Musculoskeletal Regeneration Research
Eben Alsberg, Ph.D. - Professor, Biomedical Engineering and Orthopaedic Surgery, Case Western Reserve University
The Alsberg laboratory focuses on engineering functional biologic replacements to repair damaged or diseased tissues in the body. They use the complex signals that are implicated in tissue morphogenesis, repair, and homeostasis as a template for the development of innovative biomaterials for tissue regeneration. Through the precise temporal and spatial presentation of soluble bioactive factors, mechanical forces, and biomaterial physical and biochemical properties, they aspire to create microenvironments that regulate cell gene expression and new tissue formation. Some areas of active investigation include controlling stem cell differentiation, delivering bioactive factors sequentially, developing spatially patterned constructs, understanding cell-cell interactions, and determining mechanical influences on cell function.
Treena Arinzeh – Professor, Biomedical Engineering, Newark College of Engineering
Treena Livingston Arinzeh, PhD, professor of biomedical engineering at NJIT, has earned national recognition for her commitment to making adult stem cell therapy a future reality. Her research interests include applied biomaterials and tissue engineering; cell-biomaterial interaction; materials processing; surface characterization and modification of biomaterials; materials testing; in vivo models; tissue-engineering scaffolds for repair of bone and other related musculoskeletal tissues; and nerve tissue regeneration utilizing stem cells.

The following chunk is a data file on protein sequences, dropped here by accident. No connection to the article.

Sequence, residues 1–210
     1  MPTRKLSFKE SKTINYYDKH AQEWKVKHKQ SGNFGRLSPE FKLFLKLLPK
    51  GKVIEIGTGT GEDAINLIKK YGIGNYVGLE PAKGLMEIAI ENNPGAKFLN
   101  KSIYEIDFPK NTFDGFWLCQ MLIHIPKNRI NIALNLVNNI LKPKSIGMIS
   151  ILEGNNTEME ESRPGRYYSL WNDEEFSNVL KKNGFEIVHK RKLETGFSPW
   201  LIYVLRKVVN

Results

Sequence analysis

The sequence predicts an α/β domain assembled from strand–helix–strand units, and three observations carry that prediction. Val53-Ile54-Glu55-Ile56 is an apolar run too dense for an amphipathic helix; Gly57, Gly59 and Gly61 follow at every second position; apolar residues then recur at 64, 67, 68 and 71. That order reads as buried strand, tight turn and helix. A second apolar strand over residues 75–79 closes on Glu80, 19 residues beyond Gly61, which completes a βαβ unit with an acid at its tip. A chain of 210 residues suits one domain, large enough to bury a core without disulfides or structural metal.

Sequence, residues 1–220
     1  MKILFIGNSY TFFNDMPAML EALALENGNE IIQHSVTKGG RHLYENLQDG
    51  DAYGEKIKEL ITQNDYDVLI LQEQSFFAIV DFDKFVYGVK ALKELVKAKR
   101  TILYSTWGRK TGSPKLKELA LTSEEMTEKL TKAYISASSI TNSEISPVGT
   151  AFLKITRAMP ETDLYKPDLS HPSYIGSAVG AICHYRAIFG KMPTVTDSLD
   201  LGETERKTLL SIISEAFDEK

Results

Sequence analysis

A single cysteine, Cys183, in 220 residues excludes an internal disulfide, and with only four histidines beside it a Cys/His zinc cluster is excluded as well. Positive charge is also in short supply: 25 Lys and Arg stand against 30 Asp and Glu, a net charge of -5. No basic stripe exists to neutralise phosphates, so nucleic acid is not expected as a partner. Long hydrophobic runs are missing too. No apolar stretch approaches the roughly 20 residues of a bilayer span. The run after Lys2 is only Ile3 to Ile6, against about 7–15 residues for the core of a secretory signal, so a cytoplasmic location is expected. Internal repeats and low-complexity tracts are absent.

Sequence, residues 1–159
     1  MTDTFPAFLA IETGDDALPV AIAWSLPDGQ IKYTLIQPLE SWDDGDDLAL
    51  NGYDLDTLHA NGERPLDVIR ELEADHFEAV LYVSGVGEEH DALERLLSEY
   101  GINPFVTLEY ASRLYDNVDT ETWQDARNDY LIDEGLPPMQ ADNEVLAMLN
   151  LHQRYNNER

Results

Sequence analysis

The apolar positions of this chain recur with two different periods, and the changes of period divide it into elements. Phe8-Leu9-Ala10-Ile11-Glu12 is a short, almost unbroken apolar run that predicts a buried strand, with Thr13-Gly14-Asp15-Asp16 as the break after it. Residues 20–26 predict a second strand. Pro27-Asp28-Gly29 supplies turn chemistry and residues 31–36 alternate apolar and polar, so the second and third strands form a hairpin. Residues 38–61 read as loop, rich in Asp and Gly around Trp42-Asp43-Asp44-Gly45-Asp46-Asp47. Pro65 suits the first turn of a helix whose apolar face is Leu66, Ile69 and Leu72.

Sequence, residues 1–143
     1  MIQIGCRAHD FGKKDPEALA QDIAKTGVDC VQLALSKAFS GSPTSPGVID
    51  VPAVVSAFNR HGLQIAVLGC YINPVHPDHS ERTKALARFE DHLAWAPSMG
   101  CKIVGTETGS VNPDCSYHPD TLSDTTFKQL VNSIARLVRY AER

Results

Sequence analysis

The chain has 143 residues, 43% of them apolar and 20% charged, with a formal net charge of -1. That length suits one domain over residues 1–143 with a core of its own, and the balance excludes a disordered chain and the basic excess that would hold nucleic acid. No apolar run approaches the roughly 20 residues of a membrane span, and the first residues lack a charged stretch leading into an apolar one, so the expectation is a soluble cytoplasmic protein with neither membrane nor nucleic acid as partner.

Corey Neu - Associate Professor, Mechanical Engineering, University of Colorado Boulder
The Soft Tissue Bioengineering Laboratory run by Dr. Neu at CU Boulder is dedicated to technology development for fundamental study and engineering of connective and cardiac tissues. They desire to provide new therapies that emerge from a careful study of basic mechanobiology, to ultimately treat the millions of people worldwide afflicted with disorders of the connective and cardiac tissues, including arthritis and fibrosis, and to promote basic quality of life in humans. Their objectives are to create new scalable and integrated imaging tools to noninvasively probe dynamic functions in tissues and cells, understand the fundamental roles of physical factors in the growth, development, and maintenance of tissues, and develop novel strategies for the repair and regeneration of tissue structure and function. Mechanics is a central theme of the lab, with our basic science focus on mechanisms of physical force regulation, systems of stress and strain transfer over hierarchical scales, relationships between force and gene expression, inverse problems, and tissue stiffness, energy storage, and tribology. His lab routinely engages in interdisciplinary activities to solve complex interface problems, spanning multiple engineering and biology disciplines, including mechanical, electrical, micro/nanotechological, biochemical, and physiological subspecialties.
Xinping Zhang – Associate Professor, Center for Musculoskeletal Research, University of Rochester Medical Center
Research in Zhang's laboratory focuses on skeletal repair and reconstruction, which integrates a number of important research topics in musculoskeletal research. These topics include biology of bone/cartilage development, cell signaling, stem cell biology and bone tissue engineering. Using transgenic mouse models, primary culture of progenitor cells isolated from bone callus, and the-state-of-the-art imaging approaches, they are currently trying to understand how molecular and cellular signals are integrated to provide synergistic action for repair and regeneration. The long term goal of her laboratory is to be able to combine progenitor cells, molecular signals and bioscaffolds in a tissue-engineering construct to enhance bone repair and reconstruction.
10:00 - 10:30am - Introductory Remarks
10:30 - 11:30am - Speaker 1
11:30 - 11:45am - Break
11:45 - 12:45pm - Speaker 2
12:45 - 1:45pm - Lunch
1:45 - 2:45pm - Speaker 3
2:45 - 3:00pm - Break
3:00 - 4:00pm - Speaker 4
4:00 - 4:15pm - Break
4:15 - 5:15pm - Speaker 5
6:00pm - Dinner
Monday, September 18
University of Nebraska Medical Center, ESH 3010